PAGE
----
2) Get the Latest Version of Java
Since Minecraft is built on Java, it is necessary to have the latest version of Java installed on the host machine. Most Windows computers will already have this loaded, but it is a good idea to make sure it is there and up to date as well. Check the latest version available at Java.com and then use one of the following methods to see what you have.
A) Go to Control Panel -> Java, then find the current version using the “About” button on screen. This will open a dialog box that contains the current Java version (8) and update revision (151) on your machine.
B) Open a Command Prompt by pressing Windows Key+R then typing “cmd” in the box. Once the prompt is open, type “java -version” and the version should be displayed.
If your version is out of date or you don’t have Java installed, go ahead and grab the latest release from their website. This will need to be completed before moving forward, otherwise the Minecraft software will fail to load as expected.
3) Accept the EULA License Agreement
Open the folder we created back in step 1, where the downloaded server JAR file is located. Double click this to launch the server, then wait a few seconds while it generates the various configuration files needed to run.
Once it has finished, we should have a new text file called “eula.txt” in our folder. Open this in your preferred text editor, find the line that says eula=false and change it to eula=true. This accepts the Mojang End User License Agreement, which in turn allows you to run a Minecraft server. These are essentially terms you agree to uphold, such as not profiting from their software or distributing the game without consent.
4) Launch the Minecraft Server
After the EULA has been accepted, we can just double click the server JAR file once again to bring it online. This will open a basic GUI showing server stats, connected players and console logs. There is also a chat box under the console, allowing you to send messages and commands to the server without being connected.
While this works to get started, we still need to set how much memory the server is allowed to use. Close the window out and create a new batch (BAT) file in our folder, such as server.bat. Open this using a text editor and insert the following line of text…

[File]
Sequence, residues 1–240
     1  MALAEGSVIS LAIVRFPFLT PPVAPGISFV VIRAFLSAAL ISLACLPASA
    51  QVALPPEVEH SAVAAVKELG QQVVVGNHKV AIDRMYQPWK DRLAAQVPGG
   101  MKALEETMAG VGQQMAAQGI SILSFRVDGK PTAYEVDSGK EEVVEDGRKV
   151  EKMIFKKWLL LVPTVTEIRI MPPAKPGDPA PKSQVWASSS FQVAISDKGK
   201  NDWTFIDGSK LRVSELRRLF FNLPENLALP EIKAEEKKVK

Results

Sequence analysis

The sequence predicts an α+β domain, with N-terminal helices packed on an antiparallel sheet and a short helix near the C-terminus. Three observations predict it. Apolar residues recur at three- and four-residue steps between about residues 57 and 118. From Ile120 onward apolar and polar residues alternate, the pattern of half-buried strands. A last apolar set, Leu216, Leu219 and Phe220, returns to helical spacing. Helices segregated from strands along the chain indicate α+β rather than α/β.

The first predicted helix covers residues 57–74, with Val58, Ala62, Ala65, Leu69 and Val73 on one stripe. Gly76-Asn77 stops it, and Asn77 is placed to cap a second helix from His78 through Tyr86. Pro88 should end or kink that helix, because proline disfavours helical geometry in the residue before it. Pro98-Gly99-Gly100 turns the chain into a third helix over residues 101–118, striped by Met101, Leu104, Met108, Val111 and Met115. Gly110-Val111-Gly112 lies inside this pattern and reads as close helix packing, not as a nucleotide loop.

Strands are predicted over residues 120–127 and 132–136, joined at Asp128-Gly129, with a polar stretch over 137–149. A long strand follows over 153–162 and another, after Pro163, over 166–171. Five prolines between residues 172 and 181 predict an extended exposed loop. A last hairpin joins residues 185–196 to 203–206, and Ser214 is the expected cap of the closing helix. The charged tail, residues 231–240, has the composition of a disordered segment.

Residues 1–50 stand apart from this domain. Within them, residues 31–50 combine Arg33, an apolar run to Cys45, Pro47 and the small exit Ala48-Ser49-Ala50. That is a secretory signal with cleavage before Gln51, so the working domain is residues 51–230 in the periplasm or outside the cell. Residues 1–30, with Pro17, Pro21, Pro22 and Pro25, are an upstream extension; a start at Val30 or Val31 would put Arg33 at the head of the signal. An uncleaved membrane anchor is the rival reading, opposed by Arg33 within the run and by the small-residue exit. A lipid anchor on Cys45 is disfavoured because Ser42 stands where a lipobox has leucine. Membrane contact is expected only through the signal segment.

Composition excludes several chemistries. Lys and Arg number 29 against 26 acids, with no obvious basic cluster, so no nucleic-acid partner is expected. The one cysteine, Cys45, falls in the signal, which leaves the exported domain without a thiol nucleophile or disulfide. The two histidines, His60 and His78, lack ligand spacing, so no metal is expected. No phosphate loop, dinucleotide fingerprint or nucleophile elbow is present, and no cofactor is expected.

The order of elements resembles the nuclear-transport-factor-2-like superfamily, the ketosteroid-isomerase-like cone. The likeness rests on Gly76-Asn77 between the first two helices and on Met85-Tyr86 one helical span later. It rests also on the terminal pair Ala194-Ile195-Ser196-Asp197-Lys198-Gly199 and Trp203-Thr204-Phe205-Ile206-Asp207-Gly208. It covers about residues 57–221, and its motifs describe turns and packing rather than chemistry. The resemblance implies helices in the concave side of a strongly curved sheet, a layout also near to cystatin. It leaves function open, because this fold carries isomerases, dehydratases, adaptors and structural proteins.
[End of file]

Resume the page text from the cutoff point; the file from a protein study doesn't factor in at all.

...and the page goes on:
java -Xmx1024M -Xms1024M -jar minecraft_server.jar nogui
- Make sure to replace the value minecraft_server.jar with the name of the server file you downloaded, which will look something like “minecraft_server.1.12.2.jar”.
- The example allocates up to 1 GB (or 1024 MB) of memory to the server but change the numbers after -Xmx and -Xms to adjust as desired.
- Setting nogui at the end will launch the server in a console window, but you can delete this text to keep the basic management GUI available.
Save the changes and then double click the BAT file to launch your server. If everything has been configured correctly, it will launch the JAR file you specified, allocate a max amount of system memory and start your server in a console or GUI window.
Make a Minecraft Server on your Apple Mac OSX
With Apple OSX products always on the rise, Mac is now being used more than ever before. They are entirely capable of hosting Minecraft servers and you may even have an extra one laying around, perfect to convert into a hosting machine. We will take a look at how to get a server up and running in just a few quick steps.
1) Download the Minecraft Server Software
To get started, we first need to grab the server files from the Minecraft website. Using the Safari browser, navigate to Minecraft: Java Edtion page and download the software from the link provided. This is a single Java (jar) file that works as an installer, building a complete server system on the first launch.